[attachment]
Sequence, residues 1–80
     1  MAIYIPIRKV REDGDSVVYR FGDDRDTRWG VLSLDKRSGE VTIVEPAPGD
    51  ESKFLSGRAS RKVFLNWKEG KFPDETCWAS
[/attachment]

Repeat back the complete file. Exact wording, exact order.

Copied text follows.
Sequence, residues 1–80
     1  MAIYIPIRKV REDGDSVVYR FGDDRDTRWG VLSLDKRSGE VTIVEPAPGD
    51  ESKFLSGRAS RKVFLNWKEG KFPDETCWAS